Conservative Controversies & Scandals

Historical State Republican Corruption Scandals (Before 2014)

  • Alaskan Republican State Senator John Cowdery was indicted on conspiracy and bribery charges stemming from FBI wiretaps. Cowdery is accused of scheming with Veco Corp. executives to buy the vote of another senator in the battle for an oil tax favored by North Slope oil producers. Cowdery pleaded guilty and sentenced to 6 months of home confinement and a fine of $25,000.
  • In 2007 it was revealed that Stevens had remodeled his house which was paid for by the oil-field service company VECO. The FBI and IRS opened an investigation. By July of 2008, Stevens was indicted on seven counts of failure to report gifts and found guilty at a trial 3 months later. The conviction was later voided for misconduct on the part of the prosecutors and the indictments against Stevens were dismissed
  • Jim Gibbons earmarked several millions of dollars to a company owned by Warren Trepp. Trepp had reportedly purchased cruises and other gifts including $100,000, gambling chips and cash, for Gibbons and his wife that Gibbons failed to report in his ethics filings. An investigation has been launched into the bribery allegations.
  • In 2006, Ney and his aides were implemented in the Abramoff Indian scandal. Neil Volz, one of Ney's top aides plead guilty to conspiring to corrupt officials by violating lobbying laws. Volz claimed that Ney had been accepting gifts from Abramoff including tickets to sporting events and numerous meals at Abramoff's restaurant. In return Ney would try and write language into bills to promote Abramoff's agenda. Ney resigned from the House of Representatives on November 3, 2006. He was sentenced to 30 months in prison. He was released on August 15, 2008 after serving 17 months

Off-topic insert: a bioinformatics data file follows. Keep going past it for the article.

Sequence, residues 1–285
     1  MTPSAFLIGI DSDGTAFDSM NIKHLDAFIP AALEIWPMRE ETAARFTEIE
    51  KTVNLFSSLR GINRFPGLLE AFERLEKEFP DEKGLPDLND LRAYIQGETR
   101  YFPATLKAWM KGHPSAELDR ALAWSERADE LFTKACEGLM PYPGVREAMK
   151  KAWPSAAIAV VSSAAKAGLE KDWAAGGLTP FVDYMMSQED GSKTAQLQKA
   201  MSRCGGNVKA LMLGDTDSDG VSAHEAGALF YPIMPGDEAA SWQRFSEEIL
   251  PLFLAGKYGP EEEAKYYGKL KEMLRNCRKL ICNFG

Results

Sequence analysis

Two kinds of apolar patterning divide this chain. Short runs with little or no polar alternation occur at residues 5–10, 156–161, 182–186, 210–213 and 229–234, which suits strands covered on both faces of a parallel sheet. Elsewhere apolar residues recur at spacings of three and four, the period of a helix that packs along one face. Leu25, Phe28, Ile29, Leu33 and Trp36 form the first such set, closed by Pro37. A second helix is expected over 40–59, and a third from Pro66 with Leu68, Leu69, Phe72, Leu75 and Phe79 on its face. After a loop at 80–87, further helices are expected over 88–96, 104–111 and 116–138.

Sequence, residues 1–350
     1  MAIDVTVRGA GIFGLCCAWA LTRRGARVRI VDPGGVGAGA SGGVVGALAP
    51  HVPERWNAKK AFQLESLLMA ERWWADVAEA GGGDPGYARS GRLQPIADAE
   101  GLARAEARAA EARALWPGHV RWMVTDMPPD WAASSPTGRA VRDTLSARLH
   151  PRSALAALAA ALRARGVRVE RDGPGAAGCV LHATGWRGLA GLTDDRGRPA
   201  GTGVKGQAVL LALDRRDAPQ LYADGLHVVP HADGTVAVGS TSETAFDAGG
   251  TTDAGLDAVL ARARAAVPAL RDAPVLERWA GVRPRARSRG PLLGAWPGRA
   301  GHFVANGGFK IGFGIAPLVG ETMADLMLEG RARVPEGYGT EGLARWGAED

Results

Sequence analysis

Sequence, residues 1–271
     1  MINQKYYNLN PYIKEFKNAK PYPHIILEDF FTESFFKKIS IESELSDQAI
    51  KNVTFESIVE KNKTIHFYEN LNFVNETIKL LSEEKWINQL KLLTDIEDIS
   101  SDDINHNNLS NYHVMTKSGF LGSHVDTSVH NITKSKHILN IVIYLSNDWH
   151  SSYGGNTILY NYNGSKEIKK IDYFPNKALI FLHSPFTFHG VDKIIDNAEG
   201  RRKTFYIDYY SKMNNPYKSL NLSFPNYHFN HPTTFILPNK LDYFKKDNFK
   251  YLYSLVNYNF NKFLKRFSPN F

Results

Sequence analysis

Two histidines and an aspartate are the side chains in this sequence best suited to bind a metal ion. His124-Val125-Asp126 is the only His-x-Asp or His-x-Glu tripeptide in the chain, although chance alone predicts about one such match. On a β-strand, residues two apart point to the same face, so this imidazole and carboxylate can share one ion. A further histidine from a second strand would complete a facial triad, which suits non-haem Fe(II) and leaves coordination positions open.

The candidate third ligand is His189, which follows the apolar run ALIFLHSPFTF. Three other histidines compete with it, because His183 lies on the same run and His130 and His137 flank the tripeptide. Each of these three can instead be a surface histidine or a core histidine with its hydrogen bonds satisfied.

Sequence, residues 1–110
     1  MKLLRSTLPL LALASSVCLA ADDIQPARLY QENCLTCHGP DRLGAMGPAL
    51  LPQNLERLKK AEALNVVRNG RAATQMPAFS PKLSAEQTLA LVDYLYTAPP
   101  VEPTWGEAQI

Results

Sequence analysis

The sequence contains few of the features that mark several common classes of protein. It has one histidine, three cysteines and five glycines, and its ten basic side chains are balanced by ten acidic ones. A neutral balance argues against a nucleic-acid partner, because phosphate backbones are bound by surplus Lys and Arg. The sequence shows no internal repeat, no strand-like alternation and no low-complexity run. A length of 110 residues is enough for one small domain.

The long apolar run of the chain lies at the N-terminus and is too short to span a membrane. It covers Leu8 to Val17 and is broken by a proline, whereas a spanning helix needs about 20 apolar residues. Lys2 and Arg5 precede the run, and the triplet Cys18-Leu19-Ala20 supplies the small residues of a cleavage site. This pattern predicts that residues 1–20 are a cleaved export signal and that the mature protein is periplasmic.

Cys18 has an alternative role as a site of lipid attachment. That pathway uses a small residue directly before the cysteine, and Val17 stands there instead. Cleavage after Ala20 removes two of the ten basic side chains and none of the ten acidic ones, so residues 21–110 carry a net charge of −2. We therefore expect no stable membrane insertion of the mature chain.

• After a decade long investigation, George Ryan was charged with 22-counts of federal indictment. The charges included racketeering, bribery, extortion, money laundering and tax fraud. The indictment alleged that Ryan steered several state contracts to Warner and other friends; disbursed campaign funds to relatives and to pay personal expenses; and obstructed justice by attempting to end the state investigation of the license-for-bribes scandal. He was charged with lying to investigators and accepting cash, gifts and loans in return for his official actions as governor. On April 17th, 2006, after months of a trial, Ryan was found guilty on all counts. Ultimately, he was sentenced to 5 1/2 years in minimum security prison.